MLB insider says social media, press played role in Ángel Hernández's retirement

Late last month, Ángel Hernández decided to call it a career after over three decades of umpiring.

The 62-year-old suddenly retired Monday night, accepting a financial settlement to end his career.

Hernández had a reputation as one of the worst umpires — maybe the worst — in baseball.

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As replay and talk of an automated strike zone have become more prominent, the microscope on Hernández became even more magnified, and ESPN’s MLB insider Jeff Passan says that played a part in his early retirement.

“It makes me wonder, like, what’s my responsibility and what’s my part in this?” Passan told “The Rich Eisen Show. “Because I think sometimes we take for granted what social media actually does and how it brings out the absolute worst in a lot of us. 

“And I think the easiest way to do this and the easiest standard by which any of us, frankly, should live, is ‘Would I say it to the man’s face?’ Any of the stuff we say on social media about Ángel Hernández, if you were confronted by Ángel Hernández, would you say it to his face? Would you call him the names that you call him online? Would you tell him how terrible he is?

“A lot of that stuff, frankly, led to him going away. He got tired of it. He got tired of the social media firestorm that exists.”

Passan did note that Hernández was “genuinely bad” at his job. But he did note that “it was magnified by the ubiquity of baseball on social media now.”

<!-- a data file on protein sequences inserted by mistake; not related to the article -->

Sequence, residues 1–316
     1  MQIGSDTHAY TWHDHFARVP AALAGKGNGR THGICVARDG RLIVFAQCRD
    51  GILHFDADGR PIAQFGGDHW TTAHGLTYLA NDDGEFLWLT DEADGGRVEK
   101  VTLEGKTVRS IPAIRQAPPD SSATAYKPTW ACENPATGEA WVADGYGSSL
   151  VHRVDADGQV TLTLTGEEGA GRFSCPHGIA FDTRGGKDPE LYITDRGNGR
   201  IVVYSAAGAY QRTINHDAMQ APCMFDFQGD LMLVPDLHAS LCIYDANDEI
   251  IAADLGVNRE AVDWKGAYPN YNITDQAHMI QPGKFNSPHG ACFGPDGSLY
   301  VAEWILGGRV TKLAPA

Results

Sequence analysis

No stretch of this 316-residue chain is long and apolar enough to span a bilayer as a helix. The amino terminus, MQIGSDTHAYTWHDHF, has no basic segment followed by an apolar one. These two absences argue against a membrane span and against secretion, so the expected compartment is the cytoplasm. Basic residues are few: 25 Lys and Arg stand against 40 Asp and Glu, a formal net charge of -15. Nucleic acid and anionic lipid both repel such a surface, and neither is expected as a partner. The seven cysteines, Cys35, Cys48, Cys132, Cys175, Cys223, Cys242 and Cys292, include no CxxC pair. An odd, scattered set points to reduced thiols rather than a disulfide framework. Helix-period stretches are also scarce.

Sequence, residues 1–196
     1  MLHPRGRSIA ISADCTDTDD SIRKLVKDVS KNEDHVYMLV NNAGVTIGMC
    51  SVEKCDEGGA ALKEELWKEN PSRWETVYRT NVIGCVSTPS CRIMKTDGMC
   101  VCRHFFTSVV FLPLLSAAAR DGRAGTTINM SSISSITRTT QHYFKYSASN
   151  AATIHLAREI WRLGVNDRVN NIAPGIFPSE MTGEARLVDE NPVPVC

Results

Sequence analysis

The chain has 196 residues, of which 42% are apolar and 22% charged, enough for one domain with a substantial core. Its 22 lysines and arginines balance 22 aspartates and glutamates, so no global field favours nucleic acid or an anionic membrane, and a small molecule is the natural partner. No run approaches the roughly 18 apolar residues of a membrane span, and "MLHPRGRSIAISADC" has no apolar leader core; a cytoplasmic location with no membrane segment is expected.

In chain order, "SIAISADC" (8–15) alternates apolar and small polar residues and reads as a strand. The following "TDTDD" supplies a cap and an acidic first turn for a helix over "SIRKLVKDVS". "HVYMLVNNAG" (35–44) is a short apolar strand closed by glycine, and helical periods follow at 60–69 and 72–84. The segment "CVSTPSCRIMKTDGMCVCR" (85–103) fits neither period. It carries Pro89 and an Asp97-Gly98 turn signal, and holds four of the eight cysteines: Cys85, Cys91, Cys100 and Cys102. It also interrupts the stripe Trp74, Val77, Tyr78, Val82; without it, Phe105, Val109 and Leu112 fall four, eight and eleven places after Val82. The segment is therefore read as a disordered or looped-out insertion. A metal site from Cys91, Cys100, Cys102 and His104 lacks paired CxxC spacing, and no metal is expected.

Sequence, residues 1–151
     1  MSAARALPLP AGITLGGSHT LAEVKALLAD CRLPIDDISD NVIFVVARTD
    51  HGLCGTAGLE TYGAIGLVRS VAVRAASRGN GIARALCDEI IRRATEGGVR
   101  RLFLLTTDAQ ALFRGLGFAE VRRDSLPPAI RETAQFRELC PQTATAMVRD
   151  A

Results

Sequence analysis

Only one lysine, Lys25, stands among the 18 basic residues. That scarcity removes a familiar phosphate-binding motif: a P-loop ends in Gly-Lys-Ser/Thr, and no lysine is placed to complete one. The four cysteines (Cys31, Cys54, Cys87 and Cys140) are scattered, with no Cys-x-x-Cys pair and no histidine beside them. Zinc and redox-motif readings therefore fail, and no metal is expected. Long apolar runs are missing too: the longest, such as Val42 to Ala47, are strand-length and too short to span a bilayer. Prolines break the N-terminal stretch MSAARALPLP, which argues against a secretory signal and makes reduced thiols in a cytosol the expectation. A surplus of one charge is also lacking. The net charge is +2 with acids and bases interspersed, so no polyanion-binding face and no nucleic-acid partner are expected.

“And how every time he would do something wrong, it would get put out there. And then it would almost just compound upon itself. … You just had this echo chamber of Ángel Hernández awfulness that, I think, in the end, wound up being part of his undoing,” Passan added.

Hernández, announcing his retirement himself, said he wants to “spend more time with my family.”

“Starting with my first Major League game in 1991, I have had the very good experience of living out my childhood dream of umpiring in the major leagues,” Hernández’s statement said. “There is nothing better than working at a profession that you enjoy. I treasured the camaraderie of my colleagues and the friendships I have made along the way, including our locker room attendants in all the various cities.

“I have decided that I want to spend more time with my family. Needless to say, there have been many positive changes in the game of baseball since I first entered the profession. This includes the expansion and promotion of minorities. I am proud that I was able to be an active participant in that goal while being a Major League umpire.”

Hernández once accused the league of “manipulating the performance of Mr. Hernández and other minority umpires,” which allegedly has prevented more minority umpires from becoming crew chiefs. 

In March 2021, Hernández lost a lawsuit against Major League Baseball that alleged racial discrimination. In the lawsuit, filed in 2017, Hernández said he had been discriminated against because he had not been assigned to a World Series since 2005 and had not been made a crew chief.

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